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Consecration and accumulation of literary capital: translation as unequal exchange – my abstract

Casanova, P. (2010). Consecration and accumulation of literary capital: translation as unequal exchange. Critical readings in translation studies285, 303.

This paper proposes the use of criteria in the study of the literary universe that replaces the binary ‘center/periphery’ by the ‘dominant/dominating’ opposition, which implies a structure of domination and power struggles. The paper argues that each language has a linguistic–literary capital attached to it which is relatively independent of linguistic capital. This capital depends on prestige, on the literary beliefs attached to a language, and on the literary value attributed to it. This structural inequality prevents assigning translation a single significance. The paper proposes to enlarge the notion of translation to include, for example, ‘translation as accumulation’ when, through a collective strategy, the dominated national literary fields attempt to import literary capital; or ‘translation as consecration’ when the dominating consecrators import a text from a dominated literary field. The paper concludes by discussing the roles of Translators-mediators. It views them as special experts whose task is to select texts and thus giving it a value. However, the domination they exercise requires that they ‘discover’ writers who are not native but who conform to their literary categories, therefore, translation is also annexation and a kind of universalization through the denial of difference where works are hijacked for the benefit of the central resources.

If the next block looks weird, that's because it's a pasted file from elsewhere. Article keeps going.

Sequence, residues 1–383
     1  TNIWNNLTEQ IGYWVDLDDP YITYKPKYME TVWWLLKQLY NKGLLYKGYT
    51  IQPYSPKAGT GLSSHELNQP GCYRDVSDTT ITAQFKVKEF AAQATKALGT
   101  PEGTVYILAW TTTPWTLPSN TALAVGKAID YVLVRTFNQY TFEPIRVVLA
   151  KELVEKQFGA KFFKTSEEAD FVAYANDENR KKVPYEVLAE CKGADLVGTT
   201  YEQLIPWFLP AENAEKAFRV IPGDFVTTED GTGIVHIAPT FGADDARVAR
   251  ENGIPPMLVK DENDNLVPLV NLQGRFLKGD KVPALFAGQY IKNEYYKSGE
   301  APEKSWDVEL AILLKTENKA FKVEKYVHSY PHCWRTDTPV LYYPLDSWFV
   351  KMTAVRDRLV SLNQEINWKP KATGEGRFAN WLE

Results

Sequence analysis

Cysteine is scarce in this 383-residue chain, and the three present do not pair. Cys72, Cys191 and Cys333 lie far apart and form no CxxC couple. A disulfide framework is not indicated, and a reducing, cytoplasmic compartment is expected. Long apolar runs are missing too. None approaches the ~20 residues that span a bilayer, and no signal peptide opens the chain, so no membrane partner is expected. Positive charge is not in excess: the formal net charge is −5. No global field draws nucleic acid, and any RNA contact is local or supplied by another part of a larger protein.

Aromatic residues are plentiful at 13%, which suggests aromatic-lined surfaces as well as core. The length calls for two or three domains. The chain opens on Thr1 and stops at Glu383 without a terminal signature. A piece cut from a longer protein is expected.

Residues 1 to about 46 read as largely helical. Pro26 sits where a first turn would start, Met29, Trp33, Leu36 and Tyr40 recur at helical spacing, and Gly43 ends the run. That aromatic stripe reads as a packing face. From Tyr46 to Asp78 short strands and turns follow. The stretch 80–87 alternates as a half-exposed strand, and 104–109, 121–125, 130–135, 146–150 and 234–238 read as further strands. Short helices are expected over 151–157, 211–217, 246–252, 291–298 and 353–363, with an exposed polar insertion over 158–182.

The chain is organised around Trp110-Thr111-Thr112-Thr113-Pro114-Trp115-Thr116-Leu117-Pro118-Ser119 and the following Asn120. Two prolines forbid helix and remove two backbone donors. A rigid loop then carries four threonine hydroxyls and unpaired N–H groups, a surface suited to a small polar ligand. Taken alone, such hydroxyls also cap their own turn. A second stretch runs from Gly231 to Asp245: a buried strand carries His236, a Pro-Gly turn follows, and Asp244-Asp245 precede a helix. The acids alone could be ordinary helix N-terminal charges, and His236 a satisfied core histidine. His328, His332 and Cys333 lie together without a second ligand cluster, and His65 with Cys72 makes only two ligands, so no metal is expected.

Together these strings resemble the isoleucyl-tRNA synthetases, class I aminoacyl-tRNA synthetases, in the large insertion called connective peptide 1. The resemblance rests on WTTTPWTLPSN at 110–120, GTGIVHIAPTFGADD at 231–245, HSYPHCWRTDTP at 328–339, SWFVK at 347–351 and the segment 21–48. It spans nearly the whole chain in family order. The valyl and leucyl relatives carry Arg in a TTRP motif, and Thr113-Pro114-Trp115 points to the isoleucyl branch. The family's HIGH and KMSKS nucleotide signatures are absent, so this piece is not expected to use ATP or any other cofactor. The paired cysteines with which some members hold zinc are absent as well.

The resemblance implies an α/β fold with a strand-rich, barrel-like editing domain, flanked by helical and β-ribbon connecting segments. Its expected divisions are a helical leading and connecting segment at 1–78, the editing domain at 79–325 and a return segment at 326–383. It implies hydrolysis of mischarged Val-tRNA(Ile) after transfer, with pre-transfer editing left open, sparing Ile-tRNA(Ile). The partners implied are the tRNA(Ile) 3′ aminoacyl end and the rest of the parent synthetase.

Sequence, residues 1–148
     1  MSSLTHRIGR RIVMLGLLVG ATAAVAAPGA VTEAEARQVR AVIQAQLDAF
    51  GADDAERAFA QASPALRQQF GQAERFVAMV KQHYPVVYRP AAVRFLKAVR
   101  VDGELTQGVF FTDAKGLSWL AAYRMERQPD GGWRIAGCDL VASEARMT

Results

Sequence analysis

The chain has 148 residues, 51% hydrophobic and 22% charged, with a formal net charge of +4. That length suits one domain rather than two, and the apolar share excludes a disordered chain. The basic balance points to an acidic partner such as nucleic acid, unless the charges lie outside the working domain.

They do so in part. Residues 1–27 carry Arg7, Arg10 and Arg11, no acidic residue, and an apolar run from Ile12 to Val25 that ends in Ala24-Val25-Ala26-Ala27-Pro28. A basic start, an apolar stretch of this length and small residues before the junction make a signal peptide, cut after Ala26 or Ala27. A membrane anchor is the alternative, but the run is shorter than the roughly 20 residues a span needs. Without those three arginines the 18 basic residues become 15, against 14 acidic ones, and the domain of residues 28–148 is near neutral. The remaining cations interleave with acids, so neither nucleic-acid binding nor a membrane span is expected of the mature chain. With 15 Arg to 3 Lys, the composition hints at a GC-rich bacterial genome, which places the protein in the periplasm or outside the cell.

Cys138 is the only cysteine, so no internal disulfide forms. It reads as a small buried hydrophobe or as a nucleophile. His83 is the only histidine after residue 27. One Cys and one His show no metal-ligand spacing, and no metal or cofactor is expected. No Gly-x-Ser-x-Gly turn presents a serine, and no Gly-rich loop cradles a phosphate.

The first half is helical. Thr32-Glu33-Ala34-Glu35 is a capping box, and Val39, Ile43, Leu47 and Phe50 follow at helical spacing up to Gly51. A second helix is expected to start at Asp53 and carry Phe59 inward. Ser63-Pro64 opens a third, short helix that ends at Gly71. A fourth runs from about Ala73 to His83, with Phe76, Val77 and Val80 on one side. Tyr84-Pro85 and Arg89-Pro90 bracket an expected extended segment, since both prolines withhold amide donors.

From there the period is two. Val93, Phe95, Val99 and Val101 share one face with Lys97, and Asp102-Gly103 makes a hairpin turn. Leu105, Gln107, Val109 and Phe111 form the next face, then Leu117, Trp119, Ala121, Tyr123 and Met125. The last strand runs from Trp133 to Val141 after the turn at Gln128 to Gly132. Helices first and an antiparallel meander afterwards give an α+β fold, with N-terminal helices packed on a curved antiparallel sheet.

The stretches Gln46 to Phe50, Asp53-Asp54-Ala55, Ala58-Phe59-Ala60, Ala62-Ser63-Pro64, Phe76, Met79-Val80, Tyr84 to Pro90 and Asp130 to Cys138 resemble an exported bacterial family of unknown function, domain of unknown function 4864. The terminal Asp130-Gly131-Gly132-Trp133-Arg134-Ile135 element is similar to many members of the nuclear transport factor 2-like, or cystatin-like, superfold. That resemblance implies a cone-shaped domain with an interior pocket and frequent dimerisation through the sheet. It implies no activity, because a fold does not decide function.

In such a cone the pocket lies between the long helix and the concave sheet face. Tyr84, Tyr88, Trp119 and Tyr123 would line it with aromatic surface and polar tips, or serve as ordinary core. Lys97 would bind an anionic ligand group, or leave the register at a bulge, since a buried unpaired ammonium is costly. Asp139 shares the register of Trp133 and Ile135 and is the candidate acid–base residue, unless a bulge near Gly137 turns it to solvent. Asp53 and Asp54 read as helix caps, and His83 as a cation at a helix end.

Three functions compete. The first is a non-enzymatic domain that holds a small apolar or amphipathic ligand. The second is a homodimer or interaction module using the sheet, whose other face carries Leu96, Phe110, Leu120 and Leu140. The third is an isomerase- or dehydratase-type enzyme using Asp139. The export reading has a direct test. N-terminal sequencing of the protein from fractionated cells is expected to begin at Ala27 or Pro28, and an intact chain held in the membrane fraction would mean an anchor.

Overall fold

Keywords: floral figurations, translation as accumulation, translation as consecration, linguistic capital, literary capital, dominating languages, dominated languages

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Cronin, M. (1998). The cracked looking glass of servants: Translation and minority languages in a global age – My abstract

Cronin, M. (1998). The cracked looking glass of servants: Translation and minority languages in a global age. The Translator4(2), 145-162.

 

Using the themes of transparency and reflection, this article draws attention to connections between translation studies and minority languages in today’s world. It argues that minority languages could overtime become mirror images of the dominant language at the lexical and syntactic levels. It states that translation is never a benign process and it is misleading to present it as such. The author distinguishes between two types of translations; translation-as-assimilation where language speakers can be assimilated to a dominant language and translation-as-diversification where language speakers can resist incorporation and choose to develop and retain their language. He argues that due to the prevalence of English as a global language, most other languages have been minoritized leading to a reflective rather than reflexive approach to translation. The paper concludes that due to the continuous power shifting relationships among languages, minority languages would finally have a significant role to play in the discipline of translation studies.

 

Keywords: minority languages, dominant language, translation-as-assimilation, translation-as-diversification, translation studies